What are the conditions of growth which adolescents confront in a world where social platforms are ubiquitous? How are the incitements and promptings of platforms contributing to this “shaping, forming, molding” of adolescents? What does this mean for their relationship to their everyday experience, given platforms facilitate what Giddens calls time-space distanciation (i.e. they stretch social relations over time and space) in a manner which massively increases potential encounters with social variety (things to do, places to go, people to be) alongside powerful centripetal pressures driven by the value economy of social platforms (likes, shares, follows) which creates clusters of consensus and conformity? How could we cast this platformised lifeworld in relation to formal education in Dewey’s sense? I think this is a really interesting question, building on a forthcoming paper I’ve written about platform socialisation (happy to send to anyone who wants an early copy) which i intend to pursue over the coming months.

*I’m not sure if I’m imputing this point onto Dewey or reading between the lines. I think it’s implicit in his framing of commonality as something to be achieved rather than something which is simply given.

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Mark

2 replies

  1. Very interesting post for me – Dewey’s thinking about education and society seems to me to be ageing far better than many of his contemporaries’. I’m interested in informal learning as a critical dimension of all work, and indeed all practice situations too, and I see it as mixed up with formal learning in ways dependent on context and very difficult to research and analyse. Treating them as distinct seems to me problematic.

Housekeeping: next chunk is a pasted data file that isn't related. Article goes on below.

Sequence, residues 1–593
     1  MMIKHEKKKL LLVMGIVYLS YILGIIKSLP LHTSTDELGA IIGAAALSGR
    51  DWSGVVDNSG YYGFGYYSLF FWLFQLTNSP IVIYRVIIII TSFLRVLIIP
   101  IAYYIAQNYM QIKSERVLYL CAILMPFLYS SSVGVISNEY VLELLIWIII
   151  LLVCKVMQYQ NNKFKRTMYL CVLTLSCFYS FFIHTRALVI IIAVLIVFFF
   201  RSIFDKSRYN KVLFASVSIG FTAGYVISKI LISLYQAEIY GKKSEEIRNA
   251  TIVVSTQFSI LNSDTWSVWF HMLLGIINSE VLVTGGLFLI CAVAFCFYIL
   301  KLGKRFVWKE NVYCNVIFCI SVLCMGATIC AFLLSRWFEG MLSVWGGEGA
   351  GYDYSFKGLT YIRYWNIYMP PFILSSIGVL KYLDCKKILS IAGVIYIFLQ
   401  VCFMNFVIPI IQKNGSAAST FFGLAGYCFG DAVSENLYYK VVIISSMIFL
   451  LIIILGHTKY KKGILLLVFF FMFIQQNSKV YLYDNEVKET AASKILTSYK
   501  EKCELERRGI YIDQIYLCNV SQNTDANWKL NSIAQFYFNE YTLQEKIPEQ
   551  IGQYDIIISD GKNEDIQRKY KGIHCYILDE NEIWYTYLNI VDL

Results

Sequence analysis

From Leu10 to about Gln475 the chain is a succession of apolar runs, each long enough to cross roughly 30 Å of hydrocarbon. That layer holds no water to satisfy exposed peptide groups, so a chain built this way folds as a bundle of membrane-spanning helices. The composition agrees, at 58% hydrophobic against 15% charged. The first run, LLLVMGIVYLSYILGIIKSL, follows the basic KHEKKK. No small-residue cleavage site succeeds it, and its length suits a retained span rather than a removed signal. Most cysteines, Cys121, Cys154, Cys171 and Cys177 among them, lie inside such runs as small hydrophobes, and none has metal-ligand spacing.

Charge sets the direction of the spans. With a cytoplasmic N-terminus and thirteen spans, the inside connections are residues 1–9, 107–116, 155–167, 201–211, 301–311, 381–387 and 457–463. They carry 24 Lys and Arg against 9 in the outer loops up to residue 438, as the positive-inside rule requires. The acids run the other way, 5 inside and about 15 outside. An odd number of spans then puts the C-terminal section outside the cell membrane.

I agree with your that platform capitalism is raising critical questions about the relation between education and socialisation, and would add AI and machine learning into the mix. Thanks for this and many other reflective posts!

  2. I agree it’s problematic and I’m curious what Dewey would think about this. He seems to suggest that we can disentangle these things in principle even if they’re overlapping in practice. But particularly if we’re thinking about the current context of remote learning, it’s really hard to see how to prise them apart! What I really like about Dewey is that I don’t think this is in any way a contradiction to his account, just a development of the dynamics he’s identifying in a new stage. Agree with you that he’s ageing so well! I think the same is true of Fromm as well though, who I’ve gone back to recently (partly because I’ve discovered they’ve all been made into audiobooks) and am really enjoying having read a heap of his books about a decade ago.